Economic Watch: China boosts targeted financing support for private sector

Source: Xinhua| 2019-06-01 22:18:45|Editor: zh
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BEIJING, June 1 (Xinhua) -- Qu Ronghua, general manager of Taizhou Infinite New Energy Technology Co. Ltd (Zhejiang), never expected that he could use patents as collateral for a bank loan.

Within eight days, his company secured 1 million yuan (about 145,000 U.S. dollars) of loan from a local commercial bank, saving his factory which partially laid idle due to insufficient cash flow.

"Now we can focus our attention on product research and development," Qu said.

Qu's unexpected "fortune" is now becoming increasingly common among cash-strained private businesses as the government steps up efforts to channel more money to the sector.

Since China's reforms and opening up, private businesses have assumed a bigger role in driving growth. The sector now contributes more than 60 percent of China's GDP and provides over 80 percent of jobs.

But in recent years the sector is facing increasing pressures from economic headwinds, higher labor and material costs, as well as financing difficulties as banks and financial institutions have a habit of leaning toward state-backed borrowers due to risk concerns.

Alarmed by the trend, Chinese policymakers have made multi-pronged policy moves.

In a guideline released in April, China's central authorities pledged more measures on SMEs financing difficulties, including the creation of more financing channels and encouraging small firms to seek funding on the "new third board."

China adopted a targeted cut in reserve requirement ratio (RRR) for some small and medium-sized banks starting from May 15.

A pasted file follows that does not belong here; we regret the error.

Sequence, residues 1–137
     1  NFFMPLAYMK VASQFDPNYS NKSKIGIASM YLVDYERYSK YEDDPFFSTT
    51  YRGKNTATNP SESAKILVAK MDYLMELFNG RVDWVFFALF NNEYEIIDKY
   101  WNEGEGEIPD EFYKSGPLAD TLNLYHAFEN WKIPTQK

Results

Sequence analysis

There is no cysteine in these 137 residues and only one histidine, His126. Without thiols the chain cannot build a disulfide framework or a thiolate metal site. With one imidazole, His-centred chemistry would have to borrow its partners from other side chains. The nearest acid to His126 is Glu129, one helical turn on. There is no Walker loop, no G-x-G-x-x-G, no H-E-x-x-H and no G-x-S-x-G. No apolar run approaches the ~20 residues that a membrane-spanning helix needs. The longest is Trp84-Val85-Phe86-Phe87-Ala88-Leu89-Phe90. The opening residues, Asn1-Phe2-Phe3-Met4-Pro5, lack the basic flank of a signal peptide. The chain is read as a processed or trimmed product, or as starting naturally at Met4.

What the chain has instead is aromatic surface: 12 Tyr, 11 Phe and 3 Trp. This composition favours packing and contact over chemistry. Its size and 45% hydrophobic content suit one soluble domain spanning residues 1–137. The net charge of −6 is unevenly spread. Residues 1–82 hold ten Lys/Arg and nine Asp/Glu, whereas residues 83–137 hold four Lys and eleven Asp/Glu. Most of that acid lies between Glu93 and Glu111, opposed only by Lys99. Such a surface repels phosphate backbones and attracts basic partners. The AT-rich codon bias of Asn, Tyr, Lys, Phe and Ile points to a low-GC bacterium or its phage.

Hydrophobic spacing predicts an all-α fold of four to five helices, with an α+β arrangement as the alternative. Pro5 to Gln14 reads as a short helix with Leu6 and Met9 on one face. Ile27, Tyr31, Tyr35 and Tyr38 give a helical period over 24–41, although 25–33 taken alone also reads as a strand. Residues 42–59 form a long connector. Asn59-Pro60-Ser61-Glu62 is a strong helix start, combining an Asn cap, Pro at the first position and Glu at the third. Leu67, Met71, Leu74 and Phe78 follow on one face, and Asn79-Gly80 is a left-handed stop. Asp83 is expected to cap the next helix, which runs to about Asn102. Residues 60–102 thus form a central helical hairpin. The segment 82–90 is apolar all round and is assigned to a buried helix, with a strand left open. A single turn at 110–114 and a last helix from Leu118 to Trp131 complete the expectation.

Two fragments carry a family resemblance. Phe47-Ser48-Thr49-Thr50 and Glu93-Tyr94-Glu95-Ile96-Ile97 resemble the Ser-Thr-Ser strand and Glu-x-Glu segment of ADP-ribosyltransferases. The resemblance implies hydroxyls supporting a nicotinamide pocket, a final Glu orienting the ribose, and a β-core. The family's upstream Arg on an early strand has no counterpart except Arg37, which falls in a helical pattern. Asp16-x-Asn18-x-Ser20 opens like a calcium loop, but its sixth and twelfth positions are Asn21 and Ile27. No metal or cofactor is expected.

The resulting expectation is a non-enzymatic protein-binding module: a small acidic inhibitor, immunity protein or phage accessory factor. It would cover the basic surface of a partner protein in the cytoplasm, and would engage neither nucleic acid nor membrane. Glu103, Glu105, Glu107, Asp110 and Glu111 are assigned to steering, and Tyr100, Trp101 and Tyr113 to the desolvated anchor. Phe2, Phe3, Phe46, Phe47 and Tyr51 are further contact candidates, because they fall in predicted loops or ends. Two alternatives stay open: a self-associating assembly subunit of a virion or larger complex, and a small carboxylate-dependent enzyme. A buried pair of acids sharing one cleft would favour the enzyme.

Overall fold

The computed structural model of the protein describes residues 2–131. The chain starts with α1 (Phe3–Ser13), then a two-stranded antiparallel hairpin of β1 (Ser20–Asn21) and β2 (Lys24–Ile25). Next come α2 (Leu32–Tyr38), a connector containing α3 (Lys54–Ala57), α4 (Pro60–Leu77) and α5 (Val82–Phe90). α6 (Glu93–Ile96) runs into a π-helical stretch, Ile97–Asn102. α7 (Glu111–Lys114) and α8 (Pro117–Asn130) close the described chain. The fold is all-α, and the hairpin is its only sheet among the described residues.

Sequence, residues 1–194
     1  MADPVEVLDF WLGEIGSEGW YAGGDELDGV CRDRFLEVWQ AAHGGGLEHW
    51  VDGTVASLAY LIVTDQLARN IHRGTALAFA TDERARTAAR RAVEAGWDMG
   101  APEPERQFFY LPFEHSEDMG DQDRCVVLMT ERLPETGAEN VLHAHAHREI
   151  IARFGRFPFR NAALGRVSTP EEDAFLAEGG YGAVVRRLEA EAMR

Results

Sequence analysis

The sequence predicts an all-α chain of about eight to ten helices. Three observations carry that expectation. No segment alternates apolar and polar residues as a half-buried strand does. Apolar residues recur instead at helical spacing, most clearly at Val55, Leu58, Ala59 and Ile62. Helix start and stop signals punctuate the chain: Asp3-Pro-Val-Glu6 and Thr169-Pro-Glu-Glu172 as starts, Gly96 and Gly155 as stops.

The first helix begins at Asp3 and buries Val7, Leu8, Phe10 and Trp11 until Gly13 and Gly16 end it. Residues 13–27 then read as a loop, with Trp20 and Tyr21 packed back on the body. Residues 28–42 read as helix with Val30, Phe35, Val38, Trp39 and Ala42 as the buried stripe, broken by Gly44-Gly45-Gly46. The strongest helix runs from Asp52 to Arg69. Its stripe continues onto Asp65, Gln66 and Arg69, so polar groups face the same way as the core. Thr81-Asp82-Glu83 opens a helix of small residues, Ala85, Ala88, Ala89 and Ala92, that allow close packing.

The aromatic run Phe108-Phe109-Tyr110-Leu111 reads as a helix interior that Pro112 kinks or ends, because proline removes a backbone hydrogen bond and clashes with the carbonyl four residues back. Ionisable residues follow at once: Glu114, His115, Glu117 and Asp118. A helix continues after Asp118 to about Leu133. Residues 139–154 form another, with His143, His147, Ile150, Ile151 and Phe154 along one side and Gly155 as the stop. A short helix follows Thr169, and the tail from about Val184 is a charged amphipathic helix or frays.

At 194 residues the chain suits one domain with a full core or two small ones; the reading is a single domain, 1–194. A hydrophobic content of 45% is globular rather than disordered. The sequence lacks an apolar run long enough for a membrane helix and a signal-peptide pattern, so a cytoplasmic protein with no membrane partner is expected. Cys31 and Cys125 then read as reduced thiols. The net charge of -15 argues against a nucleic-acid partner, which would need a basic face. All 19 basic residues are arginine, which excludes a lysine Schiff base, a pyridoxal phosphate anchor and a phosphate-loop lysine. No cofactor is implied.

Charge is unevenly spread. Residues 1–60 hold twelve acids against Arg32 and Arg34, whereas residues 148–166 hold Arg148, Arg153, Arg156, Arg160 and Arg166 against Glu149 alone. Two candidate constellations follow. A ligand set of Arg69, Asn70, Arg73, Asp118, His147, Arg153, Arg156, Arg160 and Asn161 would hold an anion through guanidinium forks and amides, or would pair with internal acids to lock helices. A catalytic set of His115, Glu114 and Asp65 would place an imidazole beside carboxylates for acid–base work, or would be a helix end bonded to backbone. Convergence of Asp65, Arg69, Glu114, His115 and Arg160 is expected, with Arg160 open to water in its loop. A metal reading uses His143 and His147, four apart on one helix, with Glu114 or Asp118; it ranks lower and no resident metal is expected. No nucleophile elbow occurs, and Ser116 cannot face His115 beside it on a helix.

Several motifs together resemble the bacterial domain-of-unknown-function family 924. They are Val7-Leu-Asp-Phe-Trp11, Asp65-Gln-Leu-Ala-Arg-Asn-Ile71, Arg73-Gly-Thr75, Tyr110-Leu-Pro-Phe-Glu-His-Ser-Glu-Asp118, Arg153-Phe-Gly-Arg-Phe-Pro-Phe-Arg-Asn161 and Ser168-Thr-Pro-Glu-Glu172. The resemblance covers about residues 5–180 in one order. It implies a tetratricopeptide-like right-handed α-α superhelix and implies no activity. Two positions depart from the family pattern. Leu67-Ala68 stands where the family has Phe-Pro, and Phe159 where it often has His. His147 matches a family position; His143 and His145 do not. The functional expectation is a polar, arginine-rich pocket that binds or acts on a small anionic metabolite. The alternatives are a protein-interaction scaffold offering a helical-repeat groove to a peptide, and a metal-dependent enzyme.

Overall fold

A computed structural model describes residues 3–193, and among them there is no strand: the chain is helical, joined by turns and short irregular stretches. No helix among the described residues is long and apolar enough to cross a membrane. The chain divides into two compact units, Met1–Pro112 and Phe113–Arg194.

Responding to the policy call, financial institutions at lower levels across the country have introduced innovative financial services to help small and micro businesses.

China Construction Bank's branch in Ningxia Hui Autonomous Region rolled out a new inclusive finance service to lend to small enterprises that have existed for two years or more if they pay their electricity bills on time.

As Chinese private businesses are seeking opportunities in technology innovation and services, financial institutions should abandon their over-reliance on land and property as collateral for loans and opt for more intelligent risk control solutions, noted Dong Ximiao, deputy dean of the Chongyang Institute for Financial Studies at Renmin University.

The slew of policies are producing the desired results. Data from the central bank showed outstanding loans to small and micro firms grew the fastest among all sectors of inclusive financial credit, going up 19.1 percent to 10.05 trillion yuan by the end of the first quarter.

To enable the private sector to better play a role in spurring growth, more efforts are needed to foster a financial service system that can cover different development stages with diverse funding tools, analysts have said.

The Chinese economy expanded by a better-than-expected 6.4 percent year-on-year in the first quarter.